Dissolved organic carbon trends resulting from changes in atmospheric deposition chemistry

Monteith, Donald T.; Stoddard, John L.; Evans, Christopher; de Wit, Heleen; Forsius, Martin; Hogasen, Tore; Wilander, Anders; Skelkvale, Brit Lisa; Jeffries, Dean S.; Vuorenmaa, Jussi; Keller, Bill; Kopacek, Jiri; Vesely, Josef. 2007 Dissolved organic carbon trends resulting from changes in atmospheric deposition chemistry. Nature, 450. 537-541.

Full text not available from this repository.


Several hypotheses have been proposed to explain recent, widespread increases in concentrations of dissolved organic carbon (DOC) in the surface waters of glaciated landscapes across eastern North America and northern and central Europe1, 2, 3. Some invoke anthropogenic forcing through mechanisms related to climate change3, 4, 5, nitrogen deposition6 or changes in land use7, and by implication suggest that current concentrations and fluxes are without precedent. All of these hypotheses imply that DOC levels will continue to rise, with unpredictable consequences for the global carbon cycle. Alternatively, it has been proposed that DOC concentrations are returning toward pre-industrial levels as a result of a gradual decline in the sulphate content of atmospheric deposition8, 9, 10. Here we show, through the assessment of time series data from 522 remote lakes and streams in North America and northern Europe, that rising trends in DOC between 1990 and 2004 can be concisely explained by a simple model based solely on changes in deposition chemistry and catchment acid-sensitivity. We demonstrate that DOC concentrations have increased in proportion to the rates at which atmospherically deposited anthropogenic sulphur and sea salt have declined. We conclude that acid deposition to these ecosystems has been partially buffered by changes in organic acidity and that the rise in DOC is integral to recovery from acidification. Over recent decades, deposition-driven increases in organic matter solubility may have increased the export of DOC to the oceans, a potentially important component of regional carbon balances11. The increase in DOC concentrations in these regions appears unrelated to other climatic factors.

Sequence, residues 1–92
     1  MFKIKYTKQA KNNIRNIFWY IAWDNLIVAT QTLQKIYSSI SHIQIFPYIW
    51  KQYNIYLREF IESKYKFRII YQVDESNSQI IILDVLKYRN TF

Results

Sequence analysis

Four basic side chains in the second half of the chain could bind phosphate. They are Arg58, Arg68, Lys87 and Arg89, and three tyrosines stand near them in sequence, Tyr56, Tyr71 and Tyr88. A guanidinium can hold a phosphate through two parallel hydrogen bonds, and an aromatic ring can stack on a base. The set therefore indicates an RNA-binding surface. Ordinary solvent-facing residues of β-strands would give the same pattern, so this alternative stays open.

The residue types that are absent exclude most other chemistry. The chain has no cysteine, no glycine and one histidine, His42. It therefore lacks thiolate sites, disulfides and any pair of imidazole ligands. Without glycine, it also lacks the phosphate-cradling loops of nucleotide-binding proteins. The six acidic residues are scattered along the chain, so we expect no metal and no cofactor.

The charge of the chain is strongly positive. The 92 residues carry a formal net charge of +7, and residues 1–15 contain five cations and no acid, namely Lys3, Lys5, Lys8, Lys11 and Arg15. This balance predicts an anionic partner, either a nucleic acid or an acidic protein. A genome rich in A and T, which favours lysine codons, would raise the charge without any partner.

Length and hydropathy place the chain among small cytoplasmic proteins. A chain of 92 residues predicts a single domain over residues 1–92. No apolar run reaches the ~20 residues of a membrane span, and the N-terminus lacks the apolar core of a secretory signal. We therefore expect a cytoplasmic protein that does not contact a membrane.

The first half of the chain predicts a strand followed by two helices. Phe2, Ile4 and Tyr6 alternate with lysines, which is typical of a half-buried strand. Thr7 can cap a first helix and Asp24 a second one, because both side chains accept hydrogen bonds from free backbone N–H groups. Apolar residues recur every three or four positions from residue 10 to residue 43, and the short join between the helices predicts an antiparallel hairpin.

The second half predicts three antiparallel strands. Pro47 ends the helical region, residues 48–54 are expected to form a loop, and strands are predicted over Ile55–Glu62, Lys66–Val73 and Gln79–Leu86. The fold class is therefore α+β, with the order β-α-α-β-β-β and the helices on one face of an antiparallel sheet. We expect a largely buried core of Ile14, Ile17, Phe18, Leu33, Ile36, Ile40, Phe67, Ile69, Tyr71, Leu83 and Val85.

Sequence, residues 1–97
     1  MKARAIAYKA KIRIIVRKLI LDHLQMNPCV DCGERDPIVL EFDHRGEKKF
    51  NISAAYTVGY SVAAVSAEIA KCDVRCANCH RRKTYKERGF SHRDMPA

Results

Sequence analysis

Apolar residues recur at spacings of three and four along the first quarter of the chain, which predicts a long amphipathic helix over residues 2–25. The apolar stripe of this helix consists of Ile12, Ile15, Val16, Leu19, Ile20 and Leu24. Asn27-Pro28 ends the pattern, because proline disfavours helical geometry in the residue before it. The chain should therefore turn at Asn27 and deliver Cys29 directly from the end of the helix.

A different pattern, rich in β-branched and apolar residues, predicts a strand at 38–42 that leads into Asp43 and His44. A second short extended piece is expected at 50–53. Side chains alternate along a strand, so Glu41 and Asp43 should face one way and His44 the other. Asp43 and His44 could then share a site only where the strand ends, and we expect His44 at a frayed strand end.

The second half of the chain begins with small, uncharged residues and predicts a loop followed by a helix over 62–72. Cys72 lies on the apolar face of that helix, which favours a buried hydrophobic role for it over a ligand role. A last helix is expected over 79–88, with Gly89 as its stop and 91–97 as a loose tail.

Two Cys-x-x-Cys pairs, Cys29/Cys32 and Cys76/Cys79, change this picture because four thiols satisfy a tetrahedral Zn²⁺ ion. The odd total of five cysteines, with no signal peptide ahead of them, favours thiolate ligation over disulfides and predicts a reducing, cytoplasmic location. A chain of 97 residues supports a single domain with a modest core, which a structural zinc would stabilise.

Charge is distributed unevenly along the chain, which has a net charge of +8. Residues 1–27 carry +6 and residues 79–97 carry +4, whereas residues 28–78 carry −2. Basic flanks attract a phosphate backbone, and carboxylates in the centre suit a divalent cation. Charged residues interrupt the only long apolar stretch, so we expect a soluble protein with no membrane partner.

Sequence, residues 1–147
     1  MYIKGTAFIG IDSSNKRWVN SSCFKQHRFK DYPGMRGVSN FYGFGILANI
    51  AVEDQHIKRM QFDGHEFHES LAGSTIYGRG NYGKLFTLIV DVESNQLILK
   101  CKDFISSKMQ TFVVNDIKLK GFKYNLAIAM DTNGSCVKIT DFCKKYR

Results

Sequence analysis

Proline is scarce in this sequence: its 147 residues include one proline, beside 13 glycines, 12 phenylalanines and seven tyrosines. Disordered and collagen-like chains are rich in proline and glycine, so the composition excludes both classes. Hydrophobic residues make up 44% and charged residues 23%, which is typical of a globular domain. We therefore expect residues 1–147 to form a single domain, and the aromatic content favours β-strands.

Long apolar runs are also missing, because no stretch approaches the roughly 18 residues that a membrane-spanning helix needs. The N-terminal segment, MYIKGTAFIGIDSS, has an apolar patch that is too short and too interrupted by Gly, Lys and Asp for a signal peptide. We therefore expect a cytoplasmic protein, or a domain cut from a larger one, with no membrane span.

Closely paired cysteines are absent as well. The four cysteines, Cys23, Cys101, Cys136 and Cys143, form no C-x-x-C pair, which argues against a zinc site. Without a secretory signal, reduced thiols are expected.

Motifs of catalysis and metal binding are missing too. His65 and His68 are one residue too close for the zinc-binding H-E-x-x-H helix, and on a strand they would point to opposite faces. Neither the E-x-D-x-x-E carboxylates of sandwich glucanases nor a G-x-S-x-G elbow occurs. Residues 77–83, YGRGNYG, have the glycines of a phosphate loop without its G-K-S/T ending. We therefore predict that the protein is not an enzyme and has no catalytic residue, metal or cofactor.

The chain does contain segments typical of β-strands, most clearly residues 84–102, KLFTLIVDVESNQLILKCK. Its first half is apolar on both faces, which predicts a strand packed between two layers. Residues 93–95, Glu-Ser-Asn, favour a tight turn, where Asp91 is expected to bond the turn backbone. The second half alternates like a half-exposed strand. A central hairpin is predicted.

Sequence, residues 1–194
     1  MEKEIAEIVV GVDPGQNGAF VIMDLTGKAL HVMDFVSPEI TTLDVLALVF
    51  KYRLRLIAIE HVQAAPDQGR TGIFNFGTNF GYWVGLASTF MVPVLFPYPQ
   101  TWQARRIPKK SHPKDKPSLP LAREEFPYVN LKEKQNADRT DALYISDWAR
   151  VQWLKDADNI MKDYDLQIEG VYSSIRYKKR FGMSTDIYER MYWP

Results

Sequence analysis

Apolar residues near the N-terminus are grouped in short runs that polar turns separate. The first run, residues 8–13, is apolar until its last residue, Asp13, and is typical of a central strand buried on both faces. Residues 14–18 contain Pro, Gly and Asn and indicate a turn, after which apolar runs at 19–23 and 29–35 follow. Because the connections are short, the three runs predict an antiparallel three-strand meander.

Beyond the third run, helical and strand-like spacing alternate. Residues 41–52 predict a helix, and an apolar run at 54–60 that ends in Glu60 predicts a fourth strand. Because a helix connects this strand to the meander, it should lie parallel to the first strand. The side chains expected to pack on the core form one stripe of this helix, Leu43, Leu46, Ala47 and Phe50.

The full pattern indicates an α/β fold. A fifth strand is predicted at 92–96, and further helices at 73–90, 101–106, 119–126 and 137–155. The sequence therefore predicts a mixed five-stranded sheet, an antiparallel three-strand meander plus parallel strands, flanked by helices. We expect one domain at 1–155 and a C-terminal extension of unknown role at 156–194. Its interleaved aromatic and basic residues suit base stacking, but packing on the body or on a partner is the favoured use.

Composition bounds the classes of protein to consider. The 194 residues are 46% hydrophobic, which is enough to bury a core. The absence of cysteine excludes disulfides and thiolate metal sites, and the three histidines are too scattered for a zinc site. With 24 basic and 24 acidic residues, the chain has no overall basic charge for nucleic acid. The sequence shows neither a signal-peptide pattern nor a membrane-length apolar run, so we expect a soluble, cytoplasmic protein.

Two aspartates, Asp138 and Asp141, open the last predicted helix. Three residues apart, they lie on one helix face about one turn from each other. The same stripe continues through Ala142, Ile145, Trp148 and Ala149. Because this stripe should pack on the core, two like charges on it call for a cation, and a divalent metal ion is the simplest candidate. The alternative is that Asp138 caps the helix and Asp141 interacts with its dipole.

Item Type: Publication - Article
Digital Object Identifier (DOI):
Programmes: CEH Programmes pre-2009 publications > Biogeochemistry
UKCEH and CEH Sections/Science Areas: Emmett
ISSN: 0028-0836
NORA Subject Terms: Ecology and Environment
Atmospheric Sciences
Date made live: 28 Nov 2007 16:34 +0 (UTC)

Actions (login required)

View Item View Item

Document Downloads

Downloads for past 30 days

Downloads per month over past year

More statistics for this item...